The Government Invention of the Year for 2010 is FACET, developed at NASA’s Ames Research Center. FACET is a flexible software-based simulation environment for exploration, development, and evaluation of advanced Air Traffic Management (ATM) concepts. Examples of concepts studied using FACET are: aircraft self-separation for Free Flight, modeling and prediction of air traffic controller workload, a decision support tool for direct routing, integration of space launch vehicle operations into the U.S. National Airspace System (NAS), and advanced traffic flow management techniques using rerouting, metering and ground delay.
FACET models system-wide airspace operations over the contiguous United States. Airspace models (e.g., Center/sector boundaries, airways, locations of navigation aids and airports) are available from databases. Weather models (winds, temperature, bad weather cells, etc.) are also available. Trajectories are modeled using spherical-earth equations; aircraft can be flown along either flight plan routes or direct (great circle) routes as they climb, cruise and descend according to their individual aircraft-type performance models.
FACET is able to model airspace operations at the U.S. national level, and process over 10,000 aircraft on a single desktop/laptop computer for a variety of operating systems.
The Commercial Invention of the Year for 2010 is the Powder Handling Device For Analytical Instruments . This invention, developed at NASA’s Ames Research center, takes coarse powders and shakes them at sonic frequencies so that the powdered material within the cell (a disc-shaped volume that is 8 mm diameter and 170 Fm thick) undergoes granular convection similar to a heated liquid, causing the individual grains to move past the X-ray beam in a randomized orientation over time.
The result is an X-ray diffraction pattern with the correct diffracted intensities from a compact instrument with no moving parts. PXRD devices utilizing this invention can be extremely small, and do not require X-ray source, sample and X-ray detector movements, specialized divergence or convergence of the diffracted beams. This is critical for NASA spaceflight applications where small size, low mass, low power and uncomplicated sample preparation are important, as well as for in situ analysis of materials at remote localities using portable equipment. Furthermore, in applications such as analysis of synthesized pharmaceuticals, small quantities of asgrown crystallites (as for example are prepared in pharmaceutical research laboratories) can be analyzed without further sample preparation.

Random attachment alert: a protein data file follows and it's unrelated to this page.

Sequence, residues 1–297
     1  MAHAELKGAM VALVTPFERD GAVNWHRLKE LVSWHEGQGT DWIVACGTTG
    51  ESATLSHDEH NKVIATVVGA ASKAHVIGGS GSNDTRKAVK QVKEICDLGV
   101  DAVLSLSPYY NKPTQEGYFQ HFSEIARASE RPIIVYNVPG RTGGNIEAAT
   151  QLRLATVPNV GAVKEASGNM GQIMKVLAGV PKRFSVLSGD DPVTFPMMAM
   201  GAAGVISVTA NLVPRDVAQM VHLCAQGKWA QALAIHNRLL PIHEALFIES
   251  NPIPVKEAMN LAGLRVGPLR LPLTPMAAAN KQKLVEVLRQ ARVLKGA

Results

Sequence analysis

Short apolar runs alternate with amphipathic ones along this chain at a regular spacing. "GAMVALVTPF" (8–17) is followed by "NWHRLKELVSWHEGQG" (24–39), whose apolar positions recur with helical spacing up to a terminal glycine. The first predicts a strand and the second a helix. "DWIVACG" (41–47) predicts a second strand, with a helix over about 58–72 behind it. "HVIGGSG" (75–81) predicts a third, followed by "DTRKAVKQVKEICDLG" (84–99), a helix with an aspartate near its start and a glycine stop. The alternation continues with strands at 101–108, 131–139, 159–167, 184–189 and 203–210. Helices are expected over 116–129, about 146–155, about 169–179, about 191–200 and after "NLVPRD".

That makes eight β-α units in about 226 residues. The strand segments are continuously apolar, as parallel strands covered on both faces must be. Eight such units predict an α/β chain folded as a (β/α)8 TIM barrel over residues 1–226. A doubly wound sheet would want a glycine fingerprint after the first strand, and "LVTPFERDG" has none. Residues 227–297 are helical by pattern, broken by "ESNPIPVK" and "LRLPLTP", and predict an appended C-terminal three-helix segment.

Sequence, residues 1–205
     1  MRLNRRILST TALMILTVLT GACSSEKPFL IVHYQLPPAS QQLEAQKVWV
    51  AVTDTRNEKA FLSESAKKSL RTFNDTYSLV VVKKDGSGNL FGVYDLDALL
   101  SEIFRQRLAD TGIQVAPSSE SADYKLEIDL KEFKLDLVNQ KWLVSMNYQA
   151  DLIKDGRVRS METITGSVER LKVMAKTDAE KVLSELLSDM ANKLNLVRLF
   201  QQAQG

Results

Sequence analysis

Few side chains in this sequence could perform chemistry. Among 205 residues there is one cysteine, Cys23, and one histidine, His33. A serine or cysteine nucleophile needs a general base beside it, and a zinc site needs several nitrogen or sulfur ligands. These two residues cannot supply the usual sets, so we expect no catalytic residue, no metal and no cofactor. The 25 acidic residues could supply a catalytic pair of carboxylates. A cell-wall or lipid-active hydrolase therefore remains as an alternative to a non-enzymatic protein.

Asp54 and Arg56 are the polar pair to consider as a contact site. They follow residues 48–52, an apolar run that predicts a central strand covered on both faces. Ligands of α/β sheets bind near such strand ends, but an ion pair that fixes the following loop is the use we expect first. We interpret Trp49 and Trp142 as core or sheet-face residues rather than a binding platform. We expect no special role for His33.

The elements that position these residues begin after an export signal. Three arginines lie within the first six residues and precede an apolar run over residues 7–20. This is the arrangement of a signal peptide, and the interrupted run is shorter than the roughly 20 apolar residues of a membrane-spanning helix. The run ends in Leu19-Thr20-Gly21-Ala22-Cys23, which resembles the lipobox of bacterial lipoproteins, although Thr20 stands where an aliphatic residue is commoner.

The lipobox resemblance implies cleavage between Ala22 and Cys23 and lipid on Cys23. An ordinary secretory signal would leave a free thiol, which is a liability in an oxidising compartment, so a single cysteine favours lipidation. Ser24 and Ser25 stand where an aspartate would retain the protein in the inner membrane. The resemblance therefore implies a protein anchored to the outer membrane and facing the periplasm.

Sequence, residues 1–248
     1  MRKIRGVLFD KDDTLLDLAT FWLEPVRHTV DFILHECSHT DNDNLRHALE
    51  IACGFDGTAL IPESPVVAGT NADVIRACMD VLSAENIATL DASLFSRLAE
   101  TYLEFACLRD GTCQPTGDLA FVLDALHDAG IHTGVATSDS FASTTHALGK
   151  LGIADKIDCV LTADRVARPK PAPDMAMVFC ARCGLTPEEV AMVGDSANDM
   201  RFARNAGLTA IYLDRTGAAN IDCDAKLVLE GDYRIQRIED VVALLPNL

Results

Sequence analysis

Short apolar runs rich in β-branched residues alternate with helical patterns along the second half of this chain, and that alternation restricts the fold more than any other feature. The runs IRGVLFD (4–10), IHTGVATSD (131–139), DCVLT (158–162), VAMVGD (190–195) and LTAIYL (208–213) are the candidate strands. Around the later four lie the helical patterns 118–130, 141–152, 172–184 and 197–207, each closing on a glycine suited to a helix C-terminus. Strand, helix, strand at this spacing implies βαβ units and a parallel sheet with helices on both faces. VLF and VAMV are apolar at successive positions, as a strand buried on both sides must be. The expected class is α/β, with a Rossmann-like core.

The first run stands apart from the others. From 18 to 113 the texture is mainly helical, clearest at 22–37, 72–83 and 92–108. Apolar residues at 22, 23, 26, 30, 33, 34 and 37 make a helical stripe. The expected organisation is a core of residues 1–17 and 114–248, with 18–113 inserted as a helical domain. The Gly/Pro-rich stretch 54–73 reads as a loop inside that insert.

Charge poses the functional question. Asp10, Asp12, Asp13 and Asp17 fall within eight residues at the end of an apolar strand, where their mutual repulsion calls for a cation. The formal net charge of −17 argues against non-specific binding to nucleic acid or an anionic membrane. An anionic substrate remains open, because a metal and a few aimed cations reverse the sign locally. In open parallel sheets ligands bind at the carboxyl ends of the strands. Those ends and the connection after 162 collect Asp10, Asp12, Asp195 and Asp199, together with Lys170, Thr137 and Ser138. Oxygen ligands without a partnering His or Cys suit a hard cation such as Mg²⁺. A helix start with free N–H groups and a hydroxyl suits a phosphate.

The Kepler Science Operations Center (SOC), developed at NASA’s Ames Research Center, is responsible for several aspects of the Kepler Mission, including managing targets, generating onboard data compression tables, monitoring photometer health and status, processing science data, and exporting Kepler Science Processing Pipeline products to the Multi-mission Archive at Space Telescope [Science Institute] (MAST). The pipeline framework software developed for the Kepler Mission is used to achieve these goals, including development of pipeline configurations for processing science data and performing other support roles, and development of custom unit-of-work generators for controlling how Kepler data are partitioned and distributed across the computing cluster. It includes an interface between the Java software that manages data retrieval and storage for a given unit of work and the MATLAB algorithms that process the data. The data for each unit of work are packaged into a single file that contains everything needed by the science algorithms, allowing the files to be used to debug and evolve the algorithms offline.
Runner up awards were given to:
LEWICE, Version 3.2.2 from Glenn Research Center
Direct Readout Laboratory (DRL) International Polar Orbiter Processing Package (IPOPP) from Goddard Space Flight Center